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Madden NFL 2017 ratings are completely inaccurate

Nov 12, 2015; East Rutherford, NJ, USA; New York Jets center Nick Mangold (74) in the second half at MetLife Stadium. The Bills defeated the Jets 22-17 Mandatory Credit: William Hauser-USA TODAY Sports
Nov 12, 2015; East Rutherford, NJ, USA; New York Jets center Nick Mangold (74) in the second half at MetLife Stadium. The Bills defeated the Jets 22-17 Mandatory Credit: William Hauser-USA TODAY Sports
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The New York Jets have been undervalued in the past by critics and fans alike. Madden NFL 2017’s unflattering, inaccurate ratings continue this trend.

Throughout my teenage years, Madden NFL was my release. A late summer, after practice, pre-dinner escape from real-world limitations. Sunk into a bean bag chair, A/C on full blast, I could take control of any NFL player, from an offensive lineman to a Pro Football Hall of Fame gunslinger, and do as I please.

Related Story: ESPN labels Jets as average in rankings

Nothing was more satisfying. Well, seven years later, something feels a bit different, a bit off. This once beloved franchise now has me scratching my head, wondering what happened to my youthful, rose-tinted immersion.

For those of you that purchase Madden yearly, you may notice something different about this installment. Madden NFL 2017 tunes a system that remained generally unaltered for over a decade prior. They trimmed down the effectiveness of players across the 32-team pool in the interest of eliminating overpowered rosters. Unfortunately, for teams that aren’t the New England Patriots or the Carolina Panthers, this change isn’t beneficial.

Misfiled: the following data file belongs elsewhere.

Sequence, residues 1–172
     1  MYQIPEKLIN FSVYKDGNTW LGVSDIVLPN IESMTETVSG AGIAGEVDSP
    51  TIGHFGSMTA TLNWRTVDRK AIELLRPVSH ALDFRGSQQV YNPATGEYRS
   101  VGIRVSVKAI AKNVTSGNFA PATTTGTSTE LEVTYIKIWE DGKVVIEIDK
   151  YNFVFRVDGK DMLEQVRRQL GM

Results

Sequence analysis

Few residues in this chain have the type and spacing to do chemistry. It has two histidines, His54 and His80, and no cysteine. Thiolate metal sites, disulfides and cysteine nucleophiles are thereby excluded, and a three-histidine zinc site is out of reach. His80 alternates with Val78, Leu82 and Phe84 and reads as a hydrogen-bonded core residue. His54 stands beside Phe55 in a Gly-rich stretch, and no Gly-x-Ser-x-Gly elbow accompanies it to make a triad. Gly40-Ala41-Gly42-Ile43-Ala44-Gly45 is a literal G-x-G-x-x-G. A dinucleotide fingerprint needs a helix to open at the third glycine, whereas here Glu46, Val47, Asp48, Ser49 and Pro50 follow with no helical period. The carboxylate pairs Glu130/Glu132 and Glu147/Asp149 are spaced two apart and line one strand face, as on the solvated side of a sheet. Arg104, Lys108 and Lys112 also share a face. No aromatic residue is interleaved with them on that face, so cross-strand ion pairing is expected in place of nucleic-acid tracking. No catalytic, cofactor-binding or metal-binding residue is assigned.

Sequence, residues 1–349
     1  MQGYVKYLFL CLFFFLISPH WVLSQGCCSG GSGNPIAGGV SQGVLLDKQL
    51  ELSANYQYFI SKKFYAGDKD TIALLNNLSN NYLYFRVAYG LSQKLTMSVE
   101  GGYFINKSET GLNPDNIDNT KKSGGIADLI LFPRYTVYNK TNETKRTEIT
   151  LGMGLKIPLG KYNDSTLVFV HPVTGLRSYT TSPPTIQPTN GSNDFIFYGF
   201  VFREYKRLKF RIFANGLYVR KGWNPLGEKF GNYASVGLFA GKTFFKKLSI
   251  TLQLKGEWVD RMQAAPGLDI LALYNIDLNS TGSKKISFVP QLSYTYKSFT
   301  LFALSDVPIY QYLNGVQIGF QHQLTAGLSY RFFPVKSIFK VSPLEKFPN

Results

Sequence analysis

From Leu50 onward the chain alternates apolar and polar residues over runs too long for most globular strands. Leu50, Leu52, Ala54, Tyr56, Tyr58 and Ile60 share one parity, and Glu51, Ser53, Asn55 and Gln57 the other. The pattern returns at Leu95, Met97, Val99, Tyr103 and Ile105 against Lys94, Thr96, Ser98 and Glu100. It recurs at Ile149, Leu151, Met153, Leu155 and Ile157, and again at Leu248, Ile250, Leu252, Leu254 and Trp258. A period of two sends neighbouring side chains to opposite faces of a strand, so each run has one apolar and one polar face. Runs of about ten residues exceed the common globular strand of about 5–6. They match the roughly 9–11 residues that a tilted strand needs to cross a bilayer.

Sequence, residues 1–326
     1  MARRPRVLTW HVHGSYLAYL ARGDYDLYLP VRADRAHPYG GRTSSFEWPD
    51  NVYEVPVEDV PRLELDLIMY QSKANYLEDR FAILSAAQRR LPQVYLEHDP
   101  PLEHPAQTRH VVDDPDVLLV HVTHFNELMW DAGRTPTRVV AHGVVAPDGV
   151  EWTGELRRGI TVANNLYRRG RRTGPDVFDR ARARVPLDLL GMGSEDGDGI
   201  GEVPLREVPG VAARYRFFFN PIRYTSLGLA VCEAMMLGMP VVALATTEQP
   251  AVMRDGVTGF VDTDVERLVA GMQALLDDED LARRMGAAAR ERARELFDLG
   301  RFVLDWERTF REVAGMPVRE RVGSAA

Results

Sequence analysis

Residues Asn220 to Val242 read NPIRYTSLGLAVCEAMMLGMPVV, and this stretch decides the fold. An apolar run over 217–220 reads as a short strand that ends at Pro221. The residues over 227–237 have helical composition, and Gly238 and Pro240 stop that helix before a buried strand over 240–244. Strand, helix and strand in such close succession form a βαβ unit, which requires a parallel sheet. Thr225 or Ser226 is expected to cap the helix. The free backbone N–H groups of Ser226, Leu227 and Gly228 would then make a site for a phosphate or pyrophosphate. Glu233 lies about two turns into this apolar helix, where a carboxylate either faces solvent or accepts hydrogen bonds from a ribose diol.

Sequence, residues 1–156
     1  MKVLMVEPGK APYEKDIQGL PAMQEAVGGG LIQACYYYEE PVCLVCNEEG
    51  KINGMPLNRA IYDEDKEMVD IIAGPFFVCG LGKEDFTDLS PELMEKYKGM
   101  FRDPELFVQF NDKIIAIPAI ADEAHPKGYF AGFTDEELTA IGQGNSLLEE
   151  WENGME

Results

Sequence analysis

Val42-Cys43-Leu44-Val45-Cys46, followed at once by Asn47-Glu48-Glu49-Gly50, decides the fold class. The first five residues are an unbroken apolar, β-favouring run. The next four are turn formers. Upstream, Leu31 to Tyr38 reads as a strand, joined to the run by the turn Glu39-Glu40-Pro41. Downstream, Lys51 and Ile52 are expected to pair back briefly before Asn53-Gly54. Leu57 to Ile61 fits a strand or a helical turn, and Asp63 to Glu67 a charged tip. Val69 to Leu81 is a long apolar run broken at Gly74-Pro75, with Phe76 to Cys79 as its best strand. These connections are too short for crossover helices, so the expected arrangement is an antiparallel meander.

Let’s take a look at the in-game roster of the New York Jets, for example. Gang Green, in Madden 2016, had a lineup that was spearheaded by four “A”-rated standouts: Darrelle Revis, Muhammad Wilkerson, Nick Mangold, and Sheldon Richardson. Now, in Madden 2017, the only player that hasn’t dropped to a “B” or lower is Revis.

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Not to knock Revis, but labeling a 31-year-old, well-traveled cornerback as the only elite performer on the Jets just feels off.

I mean, Marshall finished the 2015 NFL regular season with the fourth most receiving yards in the league at 1,502. He also tied for the most receiving touchdowns with 14.

However, in Madden 2017, Marshall didn’t even crack the top ten best receivers.

If that weren’t suspect enough, let’s take a look at the face of the franchise.

In Madden 2016, quarterback Ryan Fitzpatrick received a 78 rating. The former Harvard scholar had a breakout season following the game’s release, recording the best statistical outing of his career. Last season with the Jets, Fitzpatrick totaled 4,175 total yards and 33 touchdowns. Surely, this clear-cut improvement should, in theory, move him up a peg to the “B” quarterback range, right?

Well, in Madden 2017, Fitzpatrick’s rating did rise. To a 79.

As the cherry on top, the Jets, with a 77 overall rating, are tied with the Miami Dolphins for the label of second-worst team in the AFC after coming off of a 10-6 season.

must read: Jets must keep Charone Peake and Jalin Marshall

In an attempt to be “realistic,” Electronic Arts merely managed to seem out of the loop, if not a little bias, with this broken overhaul. Unless a massive patch is released, Madden NFL 2017‘s new rating system will remain completely inaccurate.

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